Shawn Michaels' Potential Return at WrestleMania Wouldn't Cheapen His Retirement

David BixenspanFeatured ColumnistDecember 18, 2013

December 11: Shawn Michaels and wife, Rebecca Hickenbottom, sit front row at the game of the Charlotte Bobcats v the San Antonio Spurs. San Antonio, Texas. Copyright 2009 NBAE (Photo by D. Clarke Evans/NBAE via Getty images)
D. Clarke Evans/Getty Images

Shawn Michaels' recent return to WWE television got a lot of people buzzing.  When he first came back as special referee for the last match of the Randy Orton vs. Daniel Bryan series for the vacant WWE Championship, the prevailing belief was that he was thrown in to make it clear to fans that Bryan was winning.  He had been screwed out of the title three times, WWE was promising a definitive winner and now Bryan's original trainer was the special referee.

Then he turned on Bryan.

The outrage over the booking of Bryan in title matches dominated conversation for about 24 hours.  That changed a little the next night on Raw: After being dressed down by Michaels, Bryan put him in the "Yes!" Lock and had to be torn off by WWE officials.

Was this leading to something else?  Could Michaels be returning to the ring to face Bryan at WrestleMania?  Or was it just a way to give Bryan some justice so he could hold his head high and come out of the Orton feud looking good?

In the November 4 issue of the Wrestling Observer Newsletter ( subscription link), Dave Meltzer wrote that, as always, Michaels is telling everyone he's not returning to the ring.  He takes his retirement very seriously, especially after being disappointed when Ric Flair came back for both the Australian Hulkamania tour and a few matches during his run in TNA.

However, Meltzer added that "Those who have been around for a long-time don't believe him and think he will wrestle Bryan at WrestleMania, and those people are right more than they are wrong. Time will tell."  For several weeks, that was that.

Last week, Michaels returned as the Slammy Awards presenter for Superstar of the Year.  Bryan won, but his speech was uneventful, as he even thanked Michaels, saying he couldn't have gotten where he is without him.  The end of the show was a lot more eventful.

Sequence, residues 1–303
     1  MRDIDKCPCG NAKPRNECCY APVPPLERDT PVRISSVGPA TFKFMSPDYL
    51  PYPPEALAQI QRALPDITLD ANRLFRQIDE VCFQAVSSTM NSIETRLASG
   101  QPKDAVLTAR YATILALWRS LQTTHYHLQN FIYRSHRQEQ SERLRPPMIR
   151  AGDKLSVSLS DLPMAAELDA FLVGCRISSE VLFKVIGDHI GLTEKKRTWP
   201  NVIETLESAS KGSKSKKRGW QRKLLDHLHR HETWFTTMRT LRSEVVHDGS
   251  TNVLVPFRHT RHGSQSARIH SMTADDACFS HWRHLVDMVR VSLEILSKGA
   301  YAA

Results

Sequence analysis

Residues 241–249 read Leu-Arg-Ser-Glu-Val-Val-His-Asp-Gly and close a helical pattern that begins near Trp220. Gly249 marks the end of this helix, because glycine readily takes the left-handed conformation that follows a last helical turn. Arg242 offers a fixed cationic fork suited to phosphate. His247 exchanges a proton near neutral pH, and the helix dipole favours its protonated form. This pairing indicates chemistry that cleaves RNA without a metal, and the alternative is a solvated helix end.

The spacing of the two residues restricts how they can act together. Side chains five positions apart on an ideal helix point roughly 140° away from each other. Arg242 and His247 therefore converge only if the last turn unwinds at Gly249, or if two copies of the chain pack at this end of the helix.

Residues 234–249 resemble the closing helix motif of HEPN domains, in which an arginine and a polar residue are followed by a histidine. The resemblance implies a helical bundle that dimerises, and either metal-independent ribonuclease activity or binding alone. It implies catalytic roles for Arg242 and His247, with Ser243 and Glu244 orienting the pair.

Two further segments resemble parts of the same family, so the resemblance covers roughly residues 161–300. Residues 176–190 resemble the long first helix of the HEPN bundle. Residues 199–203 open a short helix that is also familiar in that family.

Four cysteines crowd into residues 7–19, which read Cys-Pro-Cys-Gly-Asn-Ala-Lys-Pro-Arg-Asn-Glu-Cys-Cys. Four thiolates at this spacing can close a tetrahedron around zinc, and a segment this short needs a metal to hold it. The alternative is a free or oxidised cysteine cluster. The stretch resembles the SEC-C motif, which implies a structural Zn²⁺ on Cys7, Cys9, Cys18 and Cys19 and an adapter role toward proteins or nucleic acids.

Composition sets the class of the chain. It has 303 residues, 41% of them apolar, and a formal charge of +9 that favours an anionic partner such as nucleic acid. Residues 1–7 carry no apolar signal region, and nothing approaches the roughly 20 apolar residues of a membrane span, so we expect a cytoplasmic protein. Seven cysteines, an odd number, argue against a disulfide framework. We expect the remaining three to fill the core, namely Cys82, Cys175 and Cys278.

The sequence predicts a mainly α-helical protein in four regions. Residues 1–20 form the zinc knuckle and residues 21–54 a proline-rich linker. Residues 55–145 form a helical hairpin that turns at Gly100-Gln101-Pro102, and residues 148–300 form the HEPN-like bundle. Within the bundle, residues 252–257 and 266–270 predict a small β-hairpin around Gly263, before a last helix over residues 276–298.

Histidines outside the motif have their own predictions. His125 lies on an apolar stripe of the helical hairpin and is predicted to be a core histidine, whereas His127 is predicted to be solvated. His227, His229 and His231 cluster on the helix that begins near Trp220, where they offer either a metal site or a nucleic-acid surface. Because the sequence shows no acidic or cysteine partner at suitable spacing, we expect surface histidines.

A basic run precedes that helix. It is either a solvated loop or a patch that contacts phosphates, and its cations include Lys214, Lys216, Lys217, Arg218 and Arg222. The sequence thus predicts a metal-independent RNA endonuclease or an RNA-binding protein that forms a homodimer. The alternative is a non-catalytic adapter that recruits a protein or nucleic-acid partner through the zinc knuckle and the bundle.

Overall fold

Every former WWE and World Heavyweight champion in the building was in the ring for the Championship Ascension Ceremony, where Randy Orton and John Cena gave up their belts for the last time before their unification match at TLC.  It eventually devolved into a pull-apart brawl between the two champions, which somehow escalated into CM Punk attacking Orton and Triple H, Michaels superkicking Punk and Bryan laying out Michaels with the Busaiku Knee.  Michaels was the last wrestler laid out.

Michaels was also on Raw again this week for no apparent reason.  While he didn't interact with Bryan, he confronted Bryan's sometimes tag team partner Punk, which was...curious, to say the least.

The past two episodes of Raw have added a lot of fuel to the fire when it comes to Michaels returning. (h/t chimed in with an update on the situation.  In a fairly unsurprising turn of events, it's up to Michaels whether he comes back, and if he does, it would only be for a singles match with Bryan at WrestleMania.  It wouldn't be for a singles match with Punk or a tag match with Triple H vs. Punk and Bryan.

If Michaels is conflicted, thinking that returning at WrestleMania 30 to face Bryan would cheapen his retirement, I really don't think he should be.  For starters, this isn't a scenario he could have had in mind when he retired.

By the time WrestleMania 30 comes around, Michaels will have been retired for four years.  When the buildup to his retirement match started, Bryan had just barely been called up to the main roster as one of the "rookies" in the first season of the original format of NXT.

While in some ways, he was one of the stars of the show, he was still a guy with a losing streak who was the first wrestler eliminated (he came back) and was constantly buried by Michael Cole for having been one of the top stars on the independent scene.

When Michaels retired, he had no way of knowing that Bryan would advance in WWE to the point he'd be a main event-level star who would be a viable WrestleMania opponent for him.  There was no reason for him to consider the possibility and take an alternate route.

Plus, like I said earlier: It's been four years.  This is not Mick Foley returning in a few weeks because he got a last-minute WrestleMania main event offer, or Ric Flair returning in 18 months for a good payoff.  Michaels returning for a one-off WrestleMania main event-level match—a match that's been built up for several months—against his protege is something special and worthy of coming out of retirement for.

The match itself will be marketable in many ways: As an epic battle that will be one of the greatest matches in WrestleMania history, as part of a great layered storyline, etc.  If (when?) Michaels puts over Bryan clean in the middle of the ring, he used his "one match back" to pass the torch and do the honors for the best of his trainees, the man who succeeded him as the standout in-ring performer in WWE.

Don't worry, Shawn.  We understand.


David Bixenspan has been Bleacher Report's WWE Team Leader and a contracted columnist since 2011. You can follow him on Twitter @davidbix and check out his wrestling podcasts at